One of the main reasons people decide to get started as property managers is that it can be a relatively well-paid job, especially taking care of larger properties, or working with a landlord who owns a lot of properties in your area. 

Property management doesn’t always pay well, but the job is generally in demand, so you will be able to work your way up and charge more for your services as you develop your skills and get a little more experience. 

Con – Property Management Can Be Time Consuming

One of the downsides of property management is that dealing with all the different needs of different properties, establishing vendor relationships, finding contractors that you can rely on, and even just finding new tenants, can be very time-consuming and you can’t always count on having a regular schedule. 

Property managers also often have booms and busts in how busy they are. They might have a lot to do for a few months and work a lot of overtime hours during that busy period, followed by weeks or months of not having very much to do.

Pro – Property Management Has A Lower Initial Cost Than Property Investing

If you’re interested in getting into real estate investing, learning how to be a property manager and working as a property manager can not only help you save the money you need to get into real estate, it can also help you develop the core skills a good real estate investor needs to evaluate a property. 

The lower upfront cost of getting your license and starting makes it easier to break into the real estate world, and also lets you work with a wide variety of professionals in real estate. That means you’ll have more opportunities to figure out what you really want to do in this industry. 

Con – Property Decisions Aren’t Always In Your Control

One of the frustrating parts of being a property manager is that, even though you are the main point of contact for tenants, you aren’t the last word in terms of what happens when a building needs maintenance, and you won’t always be able to make decisions about budgets or even which service providers you work with. 

That lack of control can make your job harder, and can also be frustrating, especially if you’re dealing with frustrated tenants and your client, the landlord, won’t budge on an issue. 

pros and cons of hiring a property management service

Pros And Cons Of Hiring A Property Management Service

There are also pros and cons to hiring a property management service from the landlord’s side. This is just a quick overview, but let’s take a look. 

Pro – More Free Time

Having a property management company take care of your properties is a good way to reclaim your free time and make sure you’re able to do the things you enjoy with your money and your life. 

Con – Management Services Cost Money

On the other hand, in exchange for that extra time that you don’t have to spend taking care of your properties, you won’t make as much of a profit on those leases that the property management company takes care of. 

A portion of your profits, sometimes a large portion, will go to the property management team. 

Pro – Having A Property Management Company Can Help You Make Good Management Decisions

Property managers, especially experienced managers, will know what’s best for your building, while also understanding the profit motive and the need to keep costs down when possible. Having a property manager on your side when you’re a real estate investor, especially in the beginning, can help you avoid some of the common mistakes landlords make that can lower the value of your properties or make it harder to keep tenants.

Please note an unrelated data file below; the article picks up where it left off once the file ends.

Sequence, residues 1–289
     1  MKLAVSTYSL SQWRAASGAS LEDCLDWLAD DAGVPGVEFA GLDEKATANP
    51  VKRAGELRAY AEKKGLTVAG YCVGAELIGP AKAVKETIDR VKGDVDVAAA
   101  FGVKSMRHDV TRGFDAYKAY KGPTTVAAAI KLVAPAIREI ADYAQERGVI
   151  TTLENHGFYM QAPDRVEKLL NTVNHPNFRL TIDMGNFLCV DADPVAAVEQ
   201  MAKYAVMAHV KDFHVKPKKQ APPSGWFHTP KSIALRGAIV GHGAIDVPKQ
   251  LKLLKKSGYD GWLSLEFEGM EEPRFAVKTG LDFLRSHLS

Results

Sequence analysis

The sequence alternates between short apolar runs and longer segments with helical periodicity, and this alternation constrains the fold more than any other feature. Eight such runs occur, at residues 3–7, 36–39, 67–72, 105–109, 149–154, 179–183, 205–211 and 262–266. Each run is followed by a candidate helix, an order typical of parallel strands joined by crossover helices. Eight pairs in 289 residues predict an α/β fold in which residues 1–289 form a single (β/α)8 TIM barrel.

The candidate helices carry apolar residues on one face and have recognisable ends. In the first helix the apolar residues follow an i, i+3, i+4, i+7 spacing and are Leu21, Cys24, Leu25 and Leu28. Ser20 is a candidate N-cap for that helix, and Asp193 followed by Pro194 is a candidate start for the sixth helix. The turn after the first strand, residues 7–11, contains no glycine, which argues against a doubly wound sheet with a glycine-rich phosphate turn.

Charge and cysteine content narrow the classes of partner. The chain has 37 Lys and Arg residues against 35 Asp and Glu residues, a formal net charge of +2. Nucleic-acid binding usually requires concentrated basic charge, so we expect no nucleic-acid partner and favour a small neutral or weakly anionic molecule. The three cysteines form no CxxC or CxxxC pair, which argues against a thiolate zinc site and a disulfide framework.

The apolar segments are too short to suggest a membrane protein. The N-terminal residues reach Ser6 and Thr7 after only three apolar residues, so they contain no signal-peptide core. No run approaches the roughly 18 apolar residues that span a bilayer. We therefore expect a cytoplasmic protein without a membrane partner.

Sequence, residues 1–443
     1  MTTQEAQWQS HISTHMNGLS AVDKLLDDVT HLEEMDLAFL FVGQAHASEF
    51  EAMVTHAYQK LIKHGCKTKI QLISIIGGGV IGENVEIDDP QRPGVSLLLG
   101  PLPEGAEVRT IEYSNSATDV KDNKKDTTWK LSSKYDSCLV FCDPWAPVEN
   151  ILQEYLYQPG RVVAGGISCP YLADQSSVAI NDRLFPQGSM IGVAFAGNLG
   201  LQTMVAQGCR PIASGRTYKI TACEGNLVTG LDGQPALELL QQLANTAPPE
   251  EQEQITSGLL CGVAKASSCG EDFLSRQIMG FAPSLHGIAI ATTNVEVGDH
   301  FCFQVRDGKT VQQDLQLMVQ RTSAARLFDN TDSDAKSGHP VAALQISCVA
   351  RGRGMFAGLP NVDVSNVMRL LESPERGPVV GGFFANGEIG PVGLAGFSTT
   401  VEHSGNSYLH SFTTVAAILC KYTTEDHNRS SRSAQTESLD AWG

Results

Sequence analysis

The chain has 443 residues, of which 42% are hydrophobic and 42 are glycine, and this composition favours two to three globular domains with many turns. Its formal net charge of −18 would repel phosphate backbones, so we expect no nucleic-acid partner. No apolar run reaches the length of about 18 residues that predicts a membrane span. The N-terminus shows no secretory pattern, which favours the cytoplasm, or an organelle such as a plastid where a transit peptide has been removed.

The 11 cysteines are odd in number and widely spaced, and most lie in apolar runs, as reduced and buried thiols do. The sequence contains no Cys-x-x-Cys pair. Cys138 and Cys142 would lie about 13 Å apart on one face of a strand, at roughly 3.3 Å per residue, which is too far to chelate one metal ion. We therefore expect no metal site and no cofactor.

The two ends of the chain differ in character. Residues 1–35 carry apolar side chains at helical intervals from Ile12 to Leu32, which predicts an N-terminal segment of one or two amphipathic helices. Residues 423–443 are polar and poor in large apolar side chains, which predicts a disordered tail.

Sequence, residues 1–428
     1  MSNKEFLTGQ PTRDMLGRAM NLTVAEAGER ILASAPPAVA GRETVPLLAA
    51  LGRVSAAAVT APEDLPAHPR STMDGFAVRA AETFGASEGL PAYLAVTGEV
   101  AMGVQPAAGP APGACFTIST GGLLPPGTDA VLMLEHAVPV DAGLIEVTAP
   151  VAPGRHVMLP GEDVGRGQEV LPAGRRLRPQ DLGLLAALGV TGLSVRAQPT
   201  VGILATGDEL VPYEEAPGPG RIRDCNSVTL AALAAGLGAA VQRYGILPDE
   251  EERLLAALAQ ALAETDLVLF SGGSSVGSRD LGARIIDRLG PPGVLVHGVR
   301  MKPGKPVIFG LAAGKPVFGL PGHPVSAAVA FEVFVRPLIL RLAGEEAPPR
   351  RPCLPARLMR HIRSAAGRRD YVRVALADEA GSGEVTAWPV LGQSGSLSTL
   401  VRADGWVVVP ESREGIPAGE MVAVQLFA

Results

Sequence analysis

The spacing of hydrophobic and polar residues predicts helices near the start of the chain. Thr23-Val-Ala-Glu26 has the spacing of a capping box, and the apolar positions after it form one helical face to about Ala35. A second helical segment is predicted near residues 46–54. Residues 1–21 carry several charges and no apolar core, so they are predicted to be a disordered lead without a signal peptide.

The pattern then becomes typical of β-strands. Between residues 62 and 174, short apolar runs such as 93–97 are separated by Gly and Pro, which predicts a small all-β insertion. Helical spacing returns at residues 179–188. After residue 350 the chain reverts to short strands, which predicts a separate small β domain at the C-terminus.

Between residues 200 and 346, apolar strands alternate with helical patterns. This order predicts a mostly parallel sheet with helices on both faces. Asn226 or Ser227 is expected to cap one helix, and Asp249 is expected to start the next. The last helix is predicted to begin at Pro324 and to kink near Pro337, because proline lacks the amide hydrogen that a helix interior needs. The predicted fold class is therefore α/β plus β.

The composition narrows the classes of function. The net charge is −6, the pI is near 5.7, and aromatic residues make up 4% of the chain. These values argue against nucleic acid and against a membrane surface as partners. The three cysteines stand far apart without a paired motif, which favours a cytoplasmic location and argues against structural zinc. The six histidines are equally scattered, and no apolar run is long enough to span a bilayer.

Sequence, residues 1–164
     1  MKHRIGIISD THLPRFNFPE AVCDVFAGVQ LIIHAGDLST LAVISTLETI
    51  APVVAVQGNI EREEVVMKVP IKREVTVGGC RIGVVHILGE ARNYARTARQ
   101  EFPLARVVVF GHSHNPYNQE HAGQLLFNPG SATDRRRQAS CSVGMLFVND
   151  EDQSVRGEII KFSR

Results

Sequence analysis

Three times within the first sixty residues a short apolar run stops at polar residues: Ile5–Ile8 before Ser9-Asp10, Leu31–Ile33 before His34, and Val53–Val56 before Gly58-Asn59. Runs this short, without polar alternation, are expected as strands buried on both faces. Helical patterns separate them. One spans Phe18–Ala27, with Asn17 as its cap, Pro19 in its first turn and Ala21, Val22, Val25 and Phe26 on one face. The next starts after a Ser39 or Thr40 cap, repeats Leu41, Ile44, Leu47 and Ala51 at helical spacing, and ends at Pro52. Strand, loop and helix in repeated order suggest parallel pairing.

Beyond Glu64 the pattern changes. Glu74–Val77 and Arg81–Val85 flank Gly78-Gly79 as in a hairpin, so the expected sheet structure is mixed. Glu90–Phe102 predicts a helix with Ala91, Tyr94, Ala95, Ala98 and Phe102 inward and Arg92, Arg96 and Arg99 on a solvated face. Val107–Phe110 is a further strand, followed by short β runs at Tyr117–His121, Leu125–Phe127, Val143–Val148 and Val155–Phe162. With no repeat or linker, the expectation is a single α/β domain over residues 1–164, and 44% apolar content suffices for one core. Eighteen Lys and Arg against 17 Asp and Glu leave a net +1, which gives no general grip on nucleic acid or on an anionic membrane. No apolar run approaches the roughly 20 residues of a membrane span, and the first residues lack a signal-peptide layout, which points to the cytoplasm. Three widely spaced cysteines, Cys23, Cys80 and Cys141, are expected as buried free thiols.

Con – Additional Middleman Between You And Your Tenant

Unfortunately, like any profession, there are indeed bad property managers out there. Having a property management company taking care of your buildings means that you are trusting them to do what you tell them to, to stick to the budgets you give them, and to work in your best interest as well as the best interest of the property itself. 

Unfortunately, not all property managers will do that, and it can sometimes be hard to tell the good ones from the bad. So you’ll have to be aware, every time you hire a property manager, that you’re taking a risk that they either won’t know what they’re doing, won’t be up to the job, or won’t be acting in your best interests. 

Interested In Starting Or Hiring A Property Management Company? 

Whether you’re considering hiring a property manager or becoming one, Teifke Real Estate has the experience you need to help you make the best decisions on these next steps in your journey. Contact Us to learn more about property management, and to start planning!

Sources: 

  1. Home. commercial property management. https://www.allpropertymanagement.com/resources/faq/what-is-commercial-property-management/#:~:text=A%20commercial%20property%20manager%20handles,operating%20an%20income%2Dproducing%20property. Accessed December 20, 2022. 
  2. Home. Property Management Laws by State | All Property Management. https://www.allpropertymanagement.com/resources/property-management-laws/. Accessed December 20, 2022. 
  3. Home. residential property management. https://www.allpropertymanagement.com/resources/faq/what-is-residential-property-management/. Accessed December 20, 2022. 
  4. Team TI. Property management: Definition, roles, types, and duties. Investopedia. https://www.investopedia.com/terms/p/property-management.asp#:~:text=What%20Is%20Property%20Management%3F,security%2C%20and%20upkeep%20of%20properties. Published October 10, 2022. Accessed December 20, 2022.

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Content Strategist

Amanda Stevens

Amanda is a content strategist and writer for Teifke Real Estate. She graduated Magnum Cum Laude from Purdue University with a B.S. in Social Work. She writes for several different outlets across multiple verticals. In her spare time she loves learning about health, nutrition, meditation, spiritual practices, and enjoys being the a mother of a beautiful daughter.